Editorial | A home for Christmas
In these difficult times when conversations inevitably come around to murders, corruption in high places, carnage on the roads, scamming and other criminal activities, kindness and compassion appear to be in short supply in Jamaica.
However, there is an excellent opportunity to demonstrate that this is not necessarily so. We are referring to the ‘Take a Child Home for Christmas’ programme, which was launched more than a decade ago by the Child Protection and Family Services Agency (CPFSA). Christmas has the potential to bring out the best in people, and this is the perfect time to pause and think how you personally want to celebrate the season.
COVID-19 put a damper on the programme in the last two years, but, for this year, the CPFSA is making a determined festive push to gain islandwide support for its initiative, which would see families taking in wards of the State to spend time in their homes for a day or for longer periods.
Knowing the potential for programmes, such as these to attract undesirables, it is commendable that the CPFSA ensures that prospective hosts are vetted and premises inspected, and the application has to be signed by a justice of the peace. These are important steps in protecting these children from would-be predators.
Christmas is a special time of year, one that embodies the spirit of generosity. It’s a time for family and friends to get together. Food and drink play a huge part, and there is also the ritual of giving and receiving gifts and making jolly memories.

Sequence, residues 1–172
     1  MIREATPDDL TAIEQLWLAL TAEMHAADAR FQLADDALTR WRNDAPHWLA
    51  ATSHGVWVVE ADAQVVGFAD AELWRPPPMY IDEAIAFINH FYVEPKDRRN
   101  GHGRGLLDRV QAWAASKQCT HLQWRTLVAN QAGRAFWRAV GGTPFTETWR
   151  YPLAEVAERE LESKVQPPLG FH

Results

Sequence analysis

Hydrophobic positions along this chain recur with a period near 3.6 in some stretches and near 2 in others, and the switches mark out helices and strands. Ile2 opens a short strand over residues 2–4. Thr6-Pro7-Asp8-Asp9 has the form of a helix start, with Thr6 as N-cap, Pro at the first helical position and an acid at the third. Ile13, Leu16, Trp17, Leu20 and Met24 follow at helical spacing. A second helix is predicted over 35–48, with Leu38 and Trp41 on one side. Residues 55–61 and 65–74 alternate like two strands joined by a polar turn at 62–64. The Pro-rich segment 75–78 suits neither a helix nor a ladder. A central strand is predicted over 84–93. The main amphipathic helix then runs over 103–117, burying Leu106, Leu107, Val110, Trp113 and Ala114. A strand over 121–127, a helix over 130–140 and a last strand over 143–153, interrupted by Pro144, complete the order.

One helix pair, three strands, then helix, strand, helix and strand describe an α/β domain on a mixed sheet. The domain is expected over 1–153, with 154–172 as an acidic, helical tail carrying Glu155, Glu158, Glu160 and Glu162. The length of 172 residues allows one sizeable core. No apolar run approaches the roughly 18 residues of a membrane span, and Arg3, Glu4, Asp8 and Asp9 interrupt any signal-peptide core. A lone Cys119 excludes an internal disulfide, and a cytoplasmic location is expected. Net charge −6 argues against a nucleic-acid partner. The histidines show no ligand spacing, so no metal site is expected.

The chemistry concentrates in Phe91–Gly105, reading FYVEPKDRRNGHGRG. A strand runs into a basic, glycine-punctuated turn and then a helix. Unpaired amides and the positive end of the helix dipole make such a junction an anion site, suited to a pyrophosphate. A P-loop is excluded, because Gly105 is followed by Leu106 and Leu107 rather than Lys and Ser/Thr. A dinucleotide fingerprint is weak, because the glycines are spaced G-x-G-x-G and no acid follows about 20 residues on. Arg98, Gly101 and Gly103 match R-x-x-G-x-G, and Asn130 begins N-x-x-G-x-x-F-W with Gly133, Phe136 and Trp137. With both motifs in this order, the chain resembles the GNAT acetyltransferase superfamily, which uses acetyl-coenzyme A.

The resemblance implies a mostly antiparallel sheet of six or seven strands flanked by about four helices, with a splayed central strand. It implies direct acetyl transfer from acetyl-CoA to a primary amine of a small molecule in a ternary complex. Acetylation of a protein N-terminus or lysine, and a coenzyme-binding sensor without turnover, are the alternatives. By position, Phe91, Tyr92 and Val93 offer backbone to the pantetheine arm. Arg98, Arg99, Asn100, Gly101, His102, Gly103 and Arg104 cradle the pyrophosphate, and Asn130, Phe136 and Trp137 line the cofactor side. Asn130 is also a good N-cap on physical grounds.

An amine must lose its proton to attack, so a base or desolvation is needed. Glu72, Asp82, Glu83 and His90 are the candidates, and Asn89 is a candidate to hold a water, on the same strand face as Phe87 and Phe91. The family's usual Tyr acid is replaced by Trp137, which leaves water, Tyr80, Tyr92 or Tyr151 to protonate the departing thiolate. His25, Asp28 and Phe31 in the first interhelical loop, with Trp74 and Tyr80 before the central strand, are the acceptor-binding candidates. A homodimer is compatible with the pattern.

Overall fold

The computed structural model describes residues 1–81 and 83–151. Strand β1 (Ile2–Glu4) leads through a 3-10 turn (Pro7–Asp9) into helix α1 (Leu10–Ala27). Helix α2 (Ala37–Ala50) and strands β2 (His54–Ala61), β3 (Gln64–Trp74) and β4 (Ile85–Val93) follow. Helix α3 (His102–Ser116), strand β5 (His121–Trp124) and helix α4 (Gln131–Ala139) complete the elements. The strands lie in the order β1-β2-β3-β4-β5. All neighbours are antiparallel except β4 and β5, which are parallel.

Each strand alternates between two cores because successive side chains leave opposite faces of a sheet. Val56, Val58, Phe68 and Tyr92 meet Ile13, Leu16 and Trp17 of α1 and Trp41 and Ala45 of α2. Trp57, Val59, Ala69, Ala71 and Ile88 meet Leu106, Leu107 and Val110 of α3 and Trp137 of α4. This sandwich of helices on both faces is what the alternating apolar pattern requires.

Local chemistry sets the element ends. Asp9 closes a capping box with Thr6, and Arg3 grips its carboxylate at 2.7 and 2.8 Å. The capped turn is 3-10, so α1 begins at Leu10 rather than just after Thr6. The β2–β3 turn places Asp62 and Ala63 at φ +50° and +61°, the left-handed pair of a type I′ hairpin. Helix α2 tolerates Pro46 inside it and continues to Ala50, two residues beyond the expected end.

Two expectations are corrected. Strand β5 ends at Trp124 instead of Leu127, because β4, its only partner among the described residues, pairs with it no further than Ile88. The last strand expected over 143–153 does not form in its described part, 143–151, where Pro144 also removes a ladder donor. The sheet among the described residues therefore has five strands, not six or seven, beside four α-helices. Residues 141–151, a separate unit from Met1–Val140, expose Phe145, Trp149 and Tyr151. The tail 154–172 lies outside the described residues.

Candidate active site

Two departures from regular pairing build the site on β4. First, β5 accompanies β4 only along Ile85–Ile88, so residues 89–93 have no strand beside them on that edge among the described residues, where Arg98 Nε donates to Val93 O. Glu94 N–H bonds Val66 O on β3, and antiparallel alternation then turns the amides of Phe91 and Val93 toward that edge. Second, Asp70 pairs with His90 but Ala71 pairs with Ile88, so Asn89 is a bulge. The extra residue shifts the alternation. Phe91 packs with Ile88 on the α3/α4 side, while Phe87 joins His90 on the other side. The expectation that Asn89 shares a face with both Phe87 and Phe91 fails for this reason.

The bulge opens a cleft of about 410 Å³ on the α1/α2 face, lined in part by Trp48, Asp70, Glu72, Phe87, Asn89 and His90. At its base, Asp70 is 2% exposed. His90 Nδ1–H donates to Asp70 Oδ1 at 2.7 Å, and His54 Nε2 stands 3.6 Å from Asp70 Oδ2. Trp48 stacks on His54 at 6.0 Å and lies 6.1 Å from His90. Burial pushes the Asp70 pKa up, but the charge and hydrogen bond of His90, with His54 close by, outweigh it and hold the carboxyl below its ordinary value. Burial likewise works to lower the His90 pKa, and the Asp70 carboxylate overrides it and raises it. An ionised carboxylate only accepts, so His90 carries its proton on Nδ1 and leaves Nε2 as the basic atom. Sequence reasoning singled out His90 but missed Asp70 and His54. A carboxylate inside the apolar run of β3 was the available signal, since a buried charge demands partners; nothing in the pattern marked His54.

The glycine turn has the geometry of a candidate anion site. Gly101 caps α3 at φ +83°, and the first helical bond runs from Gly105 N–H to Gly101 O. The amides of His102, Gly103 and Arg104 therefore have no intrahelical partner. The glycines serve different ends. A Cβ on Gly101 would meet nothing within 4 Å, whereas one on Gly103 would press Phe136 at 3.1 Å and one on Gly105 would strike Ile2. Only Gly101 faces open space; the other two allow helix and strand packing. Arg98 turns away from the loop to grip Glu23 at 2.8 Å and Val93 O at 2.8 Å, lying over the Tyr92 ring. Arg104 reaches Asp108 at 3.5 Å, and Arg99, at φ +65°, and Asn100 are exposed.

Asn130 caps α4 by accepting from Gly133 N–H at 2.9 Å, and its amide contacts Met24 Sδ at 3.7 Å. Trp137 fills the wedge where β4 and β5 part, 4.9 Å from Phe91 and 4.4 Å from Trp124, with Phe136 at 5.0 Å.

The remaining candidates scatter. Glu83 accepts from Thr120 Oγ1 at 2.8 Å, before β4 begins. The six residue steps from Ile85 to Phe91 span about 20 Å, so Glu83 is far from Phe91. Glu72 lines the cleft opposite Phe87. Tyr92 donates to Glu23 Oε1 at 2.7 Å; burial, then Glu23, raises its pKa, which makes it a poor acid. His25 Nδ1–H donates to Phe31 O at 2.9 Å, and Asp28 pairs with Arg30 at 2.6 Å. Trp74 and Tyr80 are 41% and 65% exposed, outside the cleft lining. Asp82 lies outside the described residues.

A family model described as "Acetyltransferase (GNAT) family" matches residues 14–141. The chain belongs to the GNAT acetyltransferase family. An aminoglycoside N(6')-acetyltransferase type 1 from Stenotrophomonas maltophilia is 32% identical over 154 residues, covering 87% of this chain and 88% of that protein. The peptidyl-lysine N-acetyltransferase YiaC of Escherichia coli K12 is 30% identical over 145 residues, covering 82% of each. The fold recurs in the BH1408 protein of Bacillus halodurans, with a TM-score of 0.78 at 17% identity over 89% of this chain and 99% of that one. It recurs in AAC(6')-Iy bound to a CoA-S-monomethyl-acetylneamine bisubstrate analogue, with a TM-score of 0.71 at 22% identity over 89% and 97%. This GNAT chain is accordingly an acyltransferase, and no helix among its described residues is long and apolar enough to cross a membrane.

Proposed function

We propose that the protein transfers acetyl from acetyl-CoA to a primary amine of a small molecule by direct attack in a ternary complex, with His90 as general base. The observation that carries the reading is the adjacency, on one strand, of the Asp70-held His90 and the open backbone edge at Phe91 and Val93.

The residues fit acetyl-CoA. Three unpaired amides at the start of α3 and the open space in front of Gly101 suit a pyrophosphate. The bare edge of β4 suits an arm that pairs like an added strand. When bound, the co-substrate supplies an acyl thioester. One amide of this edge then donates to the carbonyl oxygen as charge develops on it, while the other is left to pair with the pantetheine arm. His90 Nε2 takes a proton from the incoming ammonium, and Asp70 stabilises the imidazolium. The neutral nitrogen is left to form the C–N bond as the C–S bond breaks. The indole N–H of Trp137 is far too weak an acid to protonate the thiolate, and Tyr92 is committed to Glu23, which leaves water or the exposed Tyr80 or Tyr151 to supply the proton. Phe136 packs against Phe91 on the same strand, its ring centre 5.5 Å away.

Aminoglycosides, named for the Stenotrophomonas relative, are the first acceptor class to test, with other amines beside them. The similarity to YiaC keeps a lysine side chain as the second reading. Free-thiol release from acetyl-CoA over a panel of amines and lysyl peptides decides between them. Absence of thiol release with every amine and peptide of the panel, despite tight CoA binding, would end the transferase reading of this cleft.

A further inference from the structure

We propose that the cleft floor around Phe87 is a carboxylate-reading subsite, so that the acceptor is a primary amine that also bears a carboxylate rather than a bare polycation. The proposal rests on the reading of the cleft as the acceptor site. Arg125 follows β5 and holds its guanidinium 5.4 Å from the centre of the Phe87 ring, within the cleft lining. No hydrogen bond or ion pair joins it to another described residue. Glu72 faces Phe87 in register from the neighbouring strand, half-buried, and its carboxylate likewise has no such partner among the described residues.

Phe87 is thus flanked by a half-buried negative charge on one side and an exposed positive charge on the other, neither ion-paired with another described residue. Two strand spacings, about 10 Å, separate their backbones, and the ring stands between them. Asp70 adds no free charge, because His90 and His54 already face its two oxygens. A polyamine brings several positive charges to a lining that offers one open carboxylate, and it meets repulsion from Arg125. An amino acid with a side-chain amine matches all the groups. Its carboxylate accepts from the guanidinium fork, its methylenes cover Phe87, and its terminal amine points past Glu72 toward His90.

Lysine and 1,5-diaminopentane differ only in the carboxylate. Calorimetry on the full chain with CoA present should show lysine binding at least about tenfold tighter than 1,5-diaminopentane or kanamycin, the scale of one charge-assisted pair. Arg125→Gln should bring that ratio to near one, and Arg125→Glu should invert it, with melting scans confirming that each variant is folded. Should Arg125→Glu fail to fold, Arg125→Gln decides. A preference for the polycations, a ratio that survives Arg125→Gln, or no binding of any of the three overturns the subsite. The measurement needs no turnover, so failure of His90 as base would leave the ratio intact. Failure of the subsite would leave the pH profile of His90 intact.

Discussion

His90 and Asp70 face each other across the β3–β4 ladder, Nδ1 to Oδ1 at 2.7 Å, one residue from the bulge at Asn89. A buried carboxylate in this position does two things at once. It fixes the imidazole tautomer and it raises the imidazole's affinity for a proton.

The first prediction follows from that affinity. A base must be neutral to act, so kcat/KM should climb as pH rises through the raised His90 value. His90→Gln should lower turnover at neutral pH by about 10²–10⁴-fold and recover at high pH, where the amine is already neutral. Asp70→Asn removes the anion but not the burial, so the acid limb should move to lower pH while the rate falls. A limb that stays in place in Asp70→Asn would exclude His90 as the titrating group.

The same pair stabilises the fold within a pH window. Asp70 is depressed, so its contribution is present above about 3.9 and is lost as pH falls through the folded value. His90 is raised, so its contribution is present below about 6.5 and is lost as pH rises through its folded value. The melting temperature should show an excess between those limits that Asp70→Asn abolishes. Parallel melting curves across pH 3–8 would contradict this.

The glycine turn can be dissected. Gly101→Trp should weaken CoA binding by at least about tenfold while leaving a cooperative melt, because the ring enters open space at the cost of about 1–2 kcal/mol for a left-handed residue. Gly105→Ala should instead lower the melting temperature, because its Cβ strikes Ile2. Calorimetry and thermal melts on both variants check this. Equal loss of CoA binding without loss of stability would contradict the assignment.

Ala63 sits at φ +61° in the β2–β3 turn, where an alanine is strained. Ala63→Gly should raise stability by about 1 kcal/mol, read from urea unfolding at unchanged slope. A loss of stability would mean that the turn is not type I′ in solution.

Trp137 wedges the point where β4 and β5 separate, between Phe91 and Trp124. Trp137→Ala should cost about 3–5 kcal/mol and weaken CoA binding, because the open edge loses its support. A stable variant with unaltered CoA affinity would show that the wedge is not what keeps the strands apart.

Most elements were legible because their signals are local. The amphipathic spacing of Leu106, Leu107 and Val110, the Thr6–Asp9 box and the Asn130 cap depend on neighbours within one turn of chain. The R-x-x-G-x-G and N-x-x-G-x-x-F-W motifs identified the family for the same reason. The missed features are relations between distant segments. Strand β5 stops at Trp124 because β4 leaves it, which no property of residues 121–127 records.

Unfortunately, there are people in our communities who do not have loving and caring families. Christmas is likely to be a lonely time for a child in state care, having to share whatever limited resources with 40 other wards. Sadly, they are deprived of the nurturing environment which children deserve to grow to their full potential. Reaching out with kindness to those who are less fortunate is one way to help restore hope and faith in humanity.
For many people, this has been a difficult year. Yet, others have had to deal with crises of one sort or another and they have been pushed towards depression. We submit that society has a responsibility to support those who are in need, those who are unloved and uncared for.
Going forward into 2023, there is every indication that familiar stressors such as COVID-19, the energy crisis, violence, wars, and mental challenges will all be around, and they will be competing for our attention.
Technology has made life way more efficient but, in other ways, it has been the bane of our existence. Many people who ride the waves of social media are unkind and abusive to others. They either don’t understand or don’t care about the impact their actions could have on other people. For far too many times, social media ‘likes’ overshadow the need for compassion and help. The question is: What will it take for kindness to be less random and become more of a way of life?
We believe people have to make a conscious decision to be kind. This applies to the way we interact with each other, especially when we are on the road. One of the most profoundly compassionate ways in which we can celebrate Christmas is to perform random acts of kindness as a way to build a less hateful and dangerous society.